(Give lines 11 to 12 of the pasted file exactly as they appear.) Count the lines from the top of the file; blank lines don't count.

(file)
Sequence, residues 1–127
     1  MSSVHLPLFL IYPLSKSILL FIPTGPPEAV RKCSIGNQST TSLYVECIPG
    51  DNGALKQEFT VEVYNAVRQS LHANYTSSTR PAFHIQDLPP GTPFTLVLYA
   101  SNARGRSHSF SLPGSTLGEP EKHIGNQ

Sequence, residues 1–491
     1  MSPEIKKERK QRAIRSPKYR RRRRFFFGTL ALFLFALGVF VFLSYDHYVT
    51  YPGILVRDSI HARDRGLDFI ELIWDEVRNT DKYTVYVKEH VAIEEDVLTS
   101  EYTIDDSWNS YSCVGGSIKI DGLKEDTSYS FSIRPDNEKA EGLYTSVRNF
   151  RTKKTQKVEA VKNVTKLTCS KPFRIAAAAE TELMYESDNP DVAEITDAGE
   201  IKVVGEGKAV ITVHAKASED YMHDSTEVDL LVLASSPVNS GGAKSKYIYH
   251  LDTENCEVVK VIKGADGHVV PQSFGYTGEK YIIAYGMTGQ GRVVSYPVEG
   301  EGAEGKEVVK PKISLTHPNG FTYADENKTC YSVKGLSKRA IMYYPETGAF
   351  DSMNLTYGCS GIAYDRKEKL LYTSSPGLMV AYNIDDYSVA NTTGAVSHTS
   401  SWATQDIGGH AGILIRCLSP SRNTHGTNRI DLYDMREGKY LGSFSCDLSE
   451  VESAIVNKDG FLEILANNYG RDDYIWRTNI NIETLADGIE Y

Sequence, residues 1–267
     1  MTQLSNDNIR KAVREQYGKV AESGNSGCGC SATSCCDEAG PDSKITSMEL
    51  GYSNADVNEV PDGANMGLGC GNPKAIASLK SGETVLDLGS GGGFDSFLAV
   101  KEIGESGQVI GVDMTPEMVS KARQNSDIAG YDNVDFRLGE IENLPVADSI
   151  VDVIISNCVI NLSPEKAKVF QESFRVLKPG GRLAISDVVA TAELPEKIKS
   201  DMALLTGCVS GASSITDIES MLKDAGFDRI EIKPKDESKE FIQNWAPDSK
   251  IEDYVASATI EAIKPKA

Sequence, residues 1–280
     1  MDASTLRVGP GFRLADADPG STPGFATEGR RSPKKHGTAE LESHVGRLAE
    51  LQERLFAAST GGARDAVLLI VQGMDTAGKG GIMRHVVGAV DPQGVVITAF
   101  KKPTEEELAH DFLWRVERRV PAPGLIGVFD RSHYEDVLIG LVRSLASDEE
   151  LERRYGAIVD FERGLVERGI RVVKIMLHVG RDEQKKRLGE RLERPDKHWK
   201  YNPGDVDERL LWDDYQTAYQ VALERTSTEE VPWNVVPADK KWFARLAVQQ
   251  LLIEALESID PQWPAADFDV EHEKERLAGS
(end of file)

   251  LDTENCEVVK VIKGADGHVV PQSFGYTGEK YIIAYGMTGQ GRVVSYPVEG
   301  EGAEGKEVVK PKISLTHPNG FTYADENKTC YSVKGLSKRA IMYYPETGAF